The athlete is barefoot and stands in a relaxed position/posture. There should be sufficient distance between the athlete and the assessing physiotherapist to adequately view the athlete's posture. The various components of the postural assessment is viewed anteriorly, posteriorly and from the side as well.
Examples of the various components that can be included in the postural assessment are:
- Head on neck position
- Symmetry - are the shoulders level from anterior and posterior view
- Roundedness -assessed anteriorly and from the side.
- Are the shoulders in internal rotation?
- Is there anterior translation of the humeral head?
- Thoracic spine:
- Assessment from the side - Is an increased or decreased Thoracic Hyperkyphosis present?
- General spinal curvature:
- Assessed posteriorly - Is there a spinal scoliosis present?
- Lumbar spine:
- Assessed from the side - Is there an increased lumbar lordosis or a flattened lumbar spine?
- Assessed from the back - Any visible muscle spasm? Hinging at the thoracolumbar junction?
- Assessed from the front, rear and side.
- Assess levels of ASIS and PSIS.
- Assess levels of iliac crests.
- Is pelvis in anterior or posterior tilt?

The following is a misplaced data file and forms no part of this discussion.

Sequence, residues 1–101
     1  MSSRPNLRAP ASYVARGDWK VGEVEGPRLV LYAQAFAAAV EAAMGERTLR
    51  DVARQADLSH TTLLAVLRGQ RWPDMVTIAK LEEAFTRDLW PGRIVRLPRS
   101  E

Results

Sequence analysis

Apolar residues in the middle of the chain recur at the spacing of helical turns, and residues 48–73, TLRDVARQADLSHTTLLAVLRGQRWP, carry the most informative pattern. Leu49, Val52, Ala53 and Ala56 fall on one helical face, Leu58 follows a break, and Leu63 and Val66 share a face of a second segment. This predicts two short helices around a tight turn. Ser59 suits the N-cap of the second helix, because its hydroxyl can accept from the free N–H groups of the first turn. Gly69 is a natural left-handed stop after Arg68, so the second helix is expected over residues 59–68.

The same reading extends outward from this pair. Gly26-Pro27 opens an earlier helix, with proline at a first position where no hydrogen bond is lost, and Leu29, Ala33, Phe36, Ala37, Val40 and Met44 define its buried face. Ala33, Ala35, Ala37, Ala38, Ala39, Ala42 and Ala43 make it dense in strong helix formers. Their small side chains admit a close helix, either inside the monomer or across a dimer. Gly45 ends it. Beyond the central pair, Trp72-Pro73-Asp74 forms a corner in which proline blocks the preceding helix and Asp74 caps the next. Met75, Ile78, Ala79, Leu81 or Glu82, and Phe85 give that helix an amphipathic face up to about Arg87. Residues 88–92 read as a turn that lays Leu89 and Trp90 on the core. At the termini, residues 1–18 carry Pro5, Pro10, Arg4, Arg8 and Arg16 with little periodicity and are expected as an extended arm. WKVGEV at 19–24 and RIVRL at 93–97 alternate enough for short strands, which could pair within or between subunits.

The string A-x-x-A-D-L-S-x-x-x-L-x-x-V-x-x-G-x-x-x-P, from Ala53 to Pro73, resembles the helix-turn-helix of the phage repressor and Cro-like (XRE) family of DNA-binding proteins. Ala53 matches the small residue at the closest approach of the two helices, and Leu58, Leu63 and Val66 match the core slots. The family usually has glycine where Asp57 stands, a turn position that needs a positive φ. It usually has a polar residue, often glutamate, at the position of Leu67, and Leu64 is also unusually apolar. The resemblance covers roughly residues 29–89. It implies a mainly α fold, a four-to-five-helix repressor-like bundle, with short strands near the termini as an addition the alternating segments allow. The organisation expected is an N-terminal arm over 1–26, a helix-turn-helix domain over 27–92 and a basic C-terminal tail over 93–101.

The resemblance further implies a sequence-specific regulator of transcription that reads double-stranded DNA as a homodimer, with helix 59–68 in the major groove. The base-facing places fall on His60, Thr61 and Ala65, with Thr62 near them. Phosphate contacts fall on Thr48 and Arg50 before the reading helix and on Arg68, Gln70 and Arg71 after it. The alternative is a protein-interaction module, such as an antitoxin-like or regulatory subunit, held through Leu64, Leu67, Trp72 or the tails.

- Symmetry - are hips level.
- Are hips in internal or external rotation?
- Is there a visible gluteal bulk?
- Are the hips in extension or flexion - viewed from the side?
- are the knees in hyperextension when viewed from the side?
Where possible, identify the overall postural type (e.g. Flat back, Sway back, Normal, Lordosis, Lordosis/Kyphosis) as this can provide clues to what structures are at risk.
Practical Implications[edit | edit source]
Analysis of body posture parameters is important to evaluate postural changes in players and to prevent injuries. Optical measurement systems (including 3D photogrammetric systems) can be useful, especially due to their ability to reveal errors in body posture, as well as individual compensation patterns.
Body asymmetries may be caused by e.g. one-sided training loads. The implementation of exercises to reduce myofascial imbalances in the musculoskeletal system and core stability is vital when these imbalances result in altered posture.